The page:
Transparency International released its 2016 corruption perceptions report today, and ranked Venezuela as the 10th most corrupt nation on the planet. Venezuela ranked 166/176 countries.

Below, the bottom 10 countries in the report:

  1. Somalia
  2. South Sudan
  3. North Korea
  4. Syria
  5. Yemen
  6. Sudan
  7. Libya
  8. Afghanistan
  9. Guinea-Bissau
  10. Venezuela

Venezuela under Maduro earned the distinction of being the most corrupt nation in the Americas, followed by Haiti and Nicaragua. The report summarizes Venezuela’s performance in the following way:

Venezuela, with a score of 17, is the lowest scorer in the region. Last year saw hundreds of thousands of citizens protesting against the government.

Transparency international broadly defined “the lower-ranked countries”, including Venezuela, in the following way:

The lower-ranked countries in our index are plagued by untrustworthy and badly functioning public institutions like the police and judiciary. Even where anti-corruption laws are on the books, in practice they’re often skirted or ignored. People frequently face situations of bribery and extortion, rely on basic services that have been undermined by the misappropriation of funds, and confront official indifference when seeking redress from authorities that are on the take.

Cabello Speaks on Workers’ Role in Chavez Mythos

National Assembly deputy and PSUV vice-president Diosdado Cabello spoke today of his vision for public employees during his weekly television show Con El Mazo Dando. Cabello suggested that anyone who works for the government or even benefits from a government program through his or her work should not only refrain from speaking poorly of Hugo Chavez, but that they should stop others from doing the same.

Cabello said:

If you work at the Ministry and you have a little office, you should put up a sign [that says] “You can’t speak ill of Chavez here”. If you are a taxi driver – one of those who [received a taxi] from the Transport Mission [a program that gave away taxis], you should put up a sign that says “You can’t speak ill of Chavez here”.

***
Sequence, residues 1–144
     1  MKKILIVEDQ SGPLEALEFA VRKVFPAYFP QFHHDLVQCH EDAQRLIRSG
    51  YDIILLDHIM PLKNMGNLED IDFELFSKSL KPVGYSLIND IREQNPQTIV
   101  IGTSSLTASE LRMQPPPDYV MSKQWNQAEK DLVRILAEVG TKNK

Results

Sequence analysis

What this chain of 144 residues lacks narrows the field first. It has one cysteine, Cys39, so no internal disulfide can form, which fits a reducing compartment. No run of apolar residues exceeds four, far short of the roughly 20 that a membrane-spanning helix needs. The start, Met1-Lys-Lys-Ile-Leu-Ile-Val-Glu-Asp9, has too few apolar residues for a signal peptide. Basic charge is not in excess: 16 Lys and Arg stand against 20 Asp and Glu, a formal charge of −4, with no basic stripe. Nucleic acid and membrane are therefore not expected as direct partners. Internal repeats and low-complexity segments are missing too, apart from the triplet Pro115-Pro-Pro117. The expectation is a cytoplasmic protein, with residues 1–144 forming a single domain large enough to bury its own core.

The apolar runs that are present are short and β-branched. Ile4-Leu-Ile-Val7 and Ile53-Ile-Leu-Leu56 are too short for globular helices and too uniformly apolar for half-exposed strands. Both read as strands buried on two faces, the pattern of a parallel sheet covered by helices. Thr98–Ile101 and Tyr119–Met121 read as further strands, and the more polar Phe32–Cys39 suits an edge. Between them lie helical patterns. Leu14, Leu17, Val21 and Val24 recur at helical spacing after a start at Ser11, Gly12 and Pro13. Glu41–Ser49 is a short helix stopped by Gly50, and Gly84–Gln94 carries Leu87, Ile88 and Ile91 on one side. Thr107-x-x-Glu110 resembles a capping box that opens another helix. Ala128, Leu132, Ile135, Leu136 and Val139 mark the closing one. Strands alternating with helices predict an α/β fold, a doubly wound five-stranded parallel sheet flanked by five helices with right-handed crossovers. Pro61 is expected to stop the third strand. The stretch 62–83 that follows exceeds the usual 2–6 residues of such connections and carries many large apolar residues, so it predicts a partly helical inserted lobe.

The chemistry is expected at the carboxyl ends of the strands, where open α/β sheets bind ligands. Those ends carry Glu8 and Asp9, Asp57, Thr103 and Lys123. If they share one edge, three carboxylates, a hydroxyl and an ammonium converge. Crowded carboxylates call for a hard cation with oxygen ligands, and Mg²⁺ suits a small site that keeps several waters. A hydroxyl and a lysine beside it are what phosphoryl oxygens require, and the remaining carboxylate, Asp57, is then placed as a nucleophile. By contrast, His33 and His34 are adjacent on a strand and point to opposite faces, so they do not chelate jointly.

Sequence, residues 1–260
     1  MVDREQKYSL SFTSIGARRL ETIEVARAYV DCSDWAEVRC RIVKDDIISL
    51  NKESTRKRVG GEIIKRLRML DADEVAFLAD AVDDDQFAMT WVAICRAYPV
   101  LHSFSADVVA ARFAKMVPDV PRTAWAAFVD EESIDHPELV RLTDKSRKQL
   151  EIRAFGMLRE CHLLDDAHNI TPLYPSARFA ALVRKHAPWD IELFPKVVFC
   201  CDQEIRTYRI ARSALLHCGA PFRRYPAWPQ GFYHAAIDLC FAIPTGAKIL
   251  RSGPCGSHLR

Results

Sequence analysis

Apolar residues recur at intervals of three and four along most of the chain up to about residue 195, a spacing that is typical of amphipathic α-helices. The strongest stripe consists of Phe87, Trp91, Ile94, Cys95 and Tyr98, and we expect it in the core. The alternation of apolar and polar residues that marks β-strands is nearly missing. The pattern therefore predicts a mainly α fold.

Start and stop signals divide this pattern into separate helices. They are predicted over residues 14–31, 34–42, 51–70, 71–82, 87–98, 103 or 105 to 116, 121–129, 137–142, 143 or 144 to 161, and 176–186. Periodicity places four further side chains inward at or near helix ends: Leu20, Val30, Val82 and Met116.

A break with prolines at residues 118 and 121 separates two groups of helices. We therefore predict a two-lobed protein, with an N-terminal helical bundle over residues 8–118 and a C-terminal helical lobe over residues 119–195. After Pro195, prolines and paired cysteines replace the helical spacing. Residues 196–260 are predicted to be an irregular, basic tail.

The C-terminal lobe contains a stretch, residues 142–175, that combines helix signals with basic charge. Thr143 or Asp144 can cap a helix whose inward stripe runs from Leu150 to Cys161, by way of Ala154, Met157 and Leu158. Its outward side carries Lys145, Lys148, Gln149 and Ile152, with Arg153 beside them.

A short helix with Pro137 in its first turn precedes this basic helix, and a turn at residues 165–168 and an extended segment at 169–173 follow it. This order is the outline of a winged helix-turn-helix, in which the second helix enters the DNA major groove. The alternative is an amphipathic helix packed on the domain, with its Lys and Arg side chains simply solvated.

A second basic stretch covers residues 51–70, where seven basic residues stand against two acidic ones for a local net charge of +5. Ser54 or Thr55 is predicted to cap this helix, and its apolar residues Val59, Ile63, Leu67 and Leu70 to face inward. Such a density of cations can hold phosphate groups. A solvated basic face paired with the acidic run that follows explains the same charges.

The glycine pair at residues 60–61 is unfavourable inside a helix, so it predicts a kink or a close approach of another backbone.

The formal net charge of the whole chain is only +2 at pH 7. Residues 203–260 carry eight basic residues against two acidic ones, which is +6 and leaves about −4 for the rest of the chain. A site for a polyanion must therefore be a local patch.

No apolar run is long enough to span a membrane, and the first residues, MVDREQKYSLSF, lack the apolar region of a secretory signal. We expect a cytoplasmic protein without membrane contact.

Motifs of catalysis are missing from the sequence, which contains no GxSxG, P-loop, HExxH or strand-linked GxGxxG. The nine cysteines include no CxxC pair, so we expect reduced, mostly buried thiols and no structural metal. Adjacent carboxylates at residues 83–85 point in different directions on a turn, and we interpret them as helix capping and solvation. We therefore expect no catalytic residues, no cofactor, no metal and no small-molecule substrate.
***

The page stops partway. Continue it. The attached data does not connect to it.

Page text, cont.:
Cabello also spoke on the surprise protest that briefly shut down the Francisco Fajardo highway in Caracas yesterday, saying:

Capriles is so nice. That guy knows how to throw a surprise. Now, what would happen if someone who was in their car gets out and surprise [the protesters] there with kicks? There were just four pelagatos [roughly, “idiots”] there.

What happens if someone gets out of their car and says, “Why are you blocking the way? Is it only because you want to be president and are feeling frustrated that Nicolas [Maduro] is going to stay here?”.

Jaua: Venezuelans “Have No Right to Abandon the Revolution”

Minister of Education Elias Jaua said in a radio interview this morning that while the PSUV was open to hear criticism from Venezuelans, they could not “abandon the revolution” because they had no right to do so.

Jaua said:

Criticism from the people is necessary, but people do not have a right to abandon the revolution (…) we cannot stray from the revolutionary path.

Jaua also said that the underlying current underneath all of Maduro’s policies is to build a society of equals:

[Maduro is trying to build] a socialist society, full of humanity and without sectarianism.

16 Students Arrested for Protesting in Cumana

A group of sixteen students were arrested today during a peaceful protest in Cumana, Sucre state today while they stood on a road demanding that the Maduro regime allow elections to take place. The students belonged to a youth organization affiliated with the Primero Justicia opposition party.

Below, and image of the students prior to their arrest:

El Nacional reports that the students were subsequently released, but that they must present themselves before a judge on Monday.

Vargas Bridge Collapse Was Four Years in the Making

The collapse of the Guanape II bridge in Vargas State yesterday that left eight people injured and the main road connecting the cities of La Guaira and Macuto had been foreseen for at least four years, according to an article published by El Nacional today.

According to the article, National Assembly deputy Jose Manuel Olivares called the bridge’s deplorable state of repair “a ticking time bomb” in a news article published on April 24, 2013.

The bridge’s poor state was also the topic of state media reports on July 28, 2014, at which time La Verdad de Vargas – a state newspaper – published an assessment that declared that the bridge “was about to collapse”. Similar stories also ran in the newspaper in 2015 and 2016.

Despite the overwhelming amount of evidence that the bridge was suffering from severe disrepair, Vargas state governor (PSUV) Jorge Luis Garcia Carneiros suggested today that the bridge collapsed due to sabotage from the opposition. He provided no evidence for his claim.

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